Although the continent has abundant resources, the high costs of extracting them in such a climate and becoming commercially significant for years. For on-shore exploitation, nations must transport all materials to the continent's interior by plane, helicopter, or tractor-train, and the costs of building the necessary airstrips and fuel depots is quite significant. Because icebergs preclude reliance on pipelines, transportation of oil and gas recovered in off-shore exploitation poses a major problem. In addition, to attract labor, projects must pay substantially higher wages to entice workers to such a remote area and construct accommodations for these workers. Thus, the costs of foodstuffs and the minerals will have to increase significantly before exploitation of Antarctica's resources becomes economically viable.
The Current Debate
Recognition of Antarctica's potential has provoked the resurgence of debate on the status of the continent. The seven claimants continue to assert their ownership of the resources found in the portions of the continent that they have claimed and favor a plan for division of the continent when the current treaty is reviewed in 1991. These countries will probably settle for a condominium arrangement (joint ownership) or one in which the current parties to the 1959 treaty continue to manage the resources of Antarctica (a consortium arrangement).
However, the prospect of internationalization of the continent has greatly increased in the last decade. Supported principally by the third world nations, the plan would place Antarctica under the control of an international agency. The supporters of this plan have denounced the division of Antarctica and the notion that occupation is equivalent to ownership as remnants of the colonial era and have stated that all nations should benefit from the exploitation of regions currently unappropriated.
Proponents of internationalization benefit from the precedent now being established by the United Nations Law of the Sea Conference which is devising an equitable arrangement for the exploitation and allocation of the resources of the seabed. The proposed arrangement, scheduled for adoption in the next year, creates an International Seabed Authority (ISA) which will both regulate exploitation by controlling licensing and operate an international mining enterprise. A company will receive a license with the stipulation that it will bear responsibility for exploring not only the chosen lot but also an adjacent lot which the ISA will keep for itself. Furthermore, when a company mines a lot, it must reveal the technological process used in order to facilitate ISA mining of the "international" lots.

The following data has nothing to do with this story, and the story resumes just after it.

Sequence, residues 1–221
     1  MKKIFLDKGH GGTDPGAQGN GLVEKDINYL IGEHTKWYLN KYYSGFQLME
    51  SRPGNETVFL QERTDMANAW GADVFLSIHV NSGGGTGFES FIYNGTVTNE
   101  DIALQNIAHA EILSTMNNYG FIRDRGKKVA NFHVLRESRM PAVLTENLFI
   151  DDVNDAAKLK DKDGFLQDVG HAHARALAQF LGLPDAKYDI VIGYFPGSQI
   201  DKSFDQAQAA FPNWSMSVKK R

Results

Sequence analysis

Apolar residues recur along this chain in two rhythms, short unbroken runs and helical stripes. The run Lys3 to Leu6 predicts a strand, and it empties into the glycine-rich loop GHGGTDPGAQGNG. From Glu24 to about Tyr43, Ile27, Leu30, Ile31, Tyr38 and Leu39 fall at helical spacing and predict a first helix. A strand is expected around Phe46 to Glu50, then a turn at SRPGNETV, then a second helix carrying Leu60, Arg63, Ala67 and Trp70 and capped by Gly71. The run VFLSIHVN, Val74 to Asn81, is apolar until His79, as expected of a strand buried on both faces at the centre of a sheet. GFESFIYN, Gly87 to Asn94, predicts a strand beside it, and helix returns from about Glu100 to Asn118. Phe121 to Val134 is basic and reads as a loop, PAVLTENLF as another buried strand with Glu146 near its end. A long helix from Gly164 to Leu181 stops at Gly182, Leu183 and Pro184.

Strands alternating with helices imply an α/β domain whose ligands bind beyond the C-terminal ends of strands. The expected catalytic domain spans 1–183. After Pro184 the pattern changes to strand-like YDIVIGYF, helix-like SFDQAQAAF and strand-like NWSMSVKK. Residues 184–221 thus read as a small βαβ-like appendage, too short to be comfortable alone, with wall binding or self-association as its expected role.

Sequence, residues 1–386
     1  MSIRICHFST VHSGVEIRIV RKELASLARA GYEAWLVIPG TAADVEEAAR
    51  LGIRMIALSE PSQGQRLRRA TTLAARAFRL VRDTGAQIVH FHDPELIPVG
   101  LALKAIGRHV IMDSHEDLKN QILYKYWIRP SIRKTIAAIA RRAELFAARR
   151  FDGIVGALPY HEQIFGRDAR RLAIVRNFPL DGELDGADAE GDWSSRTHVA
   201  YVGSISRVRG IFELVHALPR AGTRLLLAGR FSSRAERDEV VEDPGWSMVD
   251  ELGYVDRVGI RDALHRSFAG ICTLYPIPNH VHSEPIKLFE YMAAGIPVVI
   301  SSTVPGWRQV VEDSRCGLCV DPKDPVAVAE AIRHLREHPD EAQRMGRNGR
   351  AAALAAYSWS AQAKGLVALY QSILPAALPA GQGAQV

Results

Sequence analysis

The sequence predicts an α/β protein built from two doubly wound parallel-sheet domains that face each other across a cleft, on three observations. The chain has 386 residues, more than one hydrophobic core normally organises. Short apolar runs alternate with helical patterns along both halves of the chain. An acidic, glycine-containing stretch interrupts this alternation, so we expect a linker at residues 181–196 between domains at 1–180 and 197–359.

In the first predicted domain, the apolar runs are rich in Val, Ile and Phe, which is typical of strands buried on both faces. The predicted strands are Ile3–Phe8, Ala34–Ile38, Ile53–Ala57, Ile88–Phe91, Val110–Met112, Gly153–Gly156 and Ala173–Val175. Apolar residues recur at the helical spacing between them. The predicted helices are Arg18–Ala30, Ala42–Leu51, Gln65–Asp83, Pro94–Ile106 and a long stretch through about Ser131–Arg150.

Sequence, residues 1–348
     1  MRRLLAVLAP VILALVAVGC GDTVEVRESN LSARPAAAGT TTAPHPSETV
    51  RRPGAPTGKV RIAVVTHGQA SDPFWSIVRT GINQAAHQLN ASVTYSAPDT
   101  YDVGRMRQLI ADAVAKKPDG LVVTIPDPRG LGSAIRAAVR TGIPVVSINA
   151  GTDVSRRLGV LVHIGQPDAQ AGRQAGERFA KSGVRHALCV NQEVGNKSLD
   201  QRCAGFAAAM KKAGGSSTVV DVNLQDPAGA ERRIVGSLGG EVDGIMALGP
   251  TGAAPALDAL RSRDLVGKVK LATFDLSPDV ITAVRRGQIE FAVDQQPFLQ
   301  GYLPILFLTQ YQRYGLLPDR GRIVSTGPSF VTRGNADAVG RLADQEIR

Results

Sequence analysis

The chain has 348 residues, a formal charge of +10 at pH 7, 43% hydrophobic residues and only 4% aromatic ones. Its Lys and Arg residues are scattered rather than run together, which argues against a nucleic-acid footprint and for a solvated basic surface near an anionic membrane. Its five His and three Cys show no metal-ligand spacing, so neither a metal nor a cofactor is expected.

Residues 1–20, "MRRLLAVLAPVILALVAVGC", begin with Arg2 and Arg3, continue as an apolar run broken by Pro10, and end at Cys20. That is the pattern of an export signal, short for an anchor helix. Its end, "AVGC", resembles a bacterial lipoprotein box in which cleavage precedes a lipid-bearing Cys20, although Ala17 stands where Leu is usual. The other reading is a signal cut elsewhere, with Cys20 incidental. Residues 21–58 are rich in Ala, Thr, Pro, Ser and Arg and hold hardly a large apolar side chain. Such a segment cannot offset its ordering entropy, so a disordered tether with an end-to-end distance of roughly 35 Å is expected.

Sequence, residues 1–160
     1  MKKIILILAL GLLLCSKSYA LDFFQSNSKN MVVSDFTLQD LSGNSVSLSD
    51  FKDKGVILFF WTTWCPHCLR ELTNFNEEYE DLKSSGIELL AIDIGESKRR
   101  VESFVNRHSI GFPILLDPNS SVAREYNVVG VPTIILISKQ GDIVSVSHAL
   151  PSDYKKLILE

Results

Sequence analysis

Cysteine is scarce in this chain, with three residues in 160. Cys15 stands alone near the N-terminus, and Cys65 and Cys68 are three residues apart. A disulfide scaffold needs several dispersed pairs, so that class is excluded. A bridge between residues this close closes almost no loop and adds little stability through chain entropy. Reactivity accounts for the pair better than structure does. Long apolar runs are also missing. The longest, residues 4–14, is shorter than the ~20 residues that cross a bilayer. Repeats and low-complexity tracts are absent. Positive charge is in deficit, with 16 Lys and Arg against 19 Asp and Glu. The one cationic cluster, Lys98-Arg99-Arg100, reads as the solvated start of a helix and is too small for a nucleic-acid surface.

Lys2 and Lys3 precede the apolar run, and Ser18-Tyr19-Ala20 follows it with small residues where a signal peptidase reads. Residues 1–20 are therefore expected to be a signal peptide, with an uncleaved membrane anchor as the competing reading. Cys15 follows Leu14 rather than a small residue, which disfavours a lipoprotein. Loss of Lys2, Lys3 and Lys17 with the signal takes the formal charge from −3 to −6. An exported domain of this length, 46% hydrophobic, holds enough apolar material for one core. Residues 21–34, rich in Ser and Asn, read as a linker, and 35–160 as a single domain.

All profits from the ISA's mining efforts, as well as the licensing fees, will be distributed among the members of international community according to a formula that will most likely favor the less developed countries (LDCs). Furthermore, the LDCs will play a significant role in managing the ISA, because all major decisions will issue from the ISA's assembly in which each member nation is represented and given one vote. A council with limited membership will decide day-to-day matters.
This agreement has already laid the foundation for a similar arrangement in Antarctica. Supporters of internationalization will probably base their arguments on the principles agreed upon by the international community at the Law of the Sea Conference and develop a plan similar to the one established to regulate exploitation of the seabed. An international agency governed by an assembly of all nations will certainly be one proposal for consideration. Because this arrangement gives significant influence to the LDCs, which would comprise a majority of the assembly, the plan will probably receive the active support of the third world at the United Nations and will therefore be given serious consideration when the current Antarctic Treaty is reviewed.
During the next ten years, broad questions of international resource allocation and of the definition of ownership will merit considerable attention. With the development of the necessary technology, Antarctica could become a major source of fuel, minerals, and high-protein foodstuffs, and the question of the status of these resources will certainly occupy an important spot on the international agenda.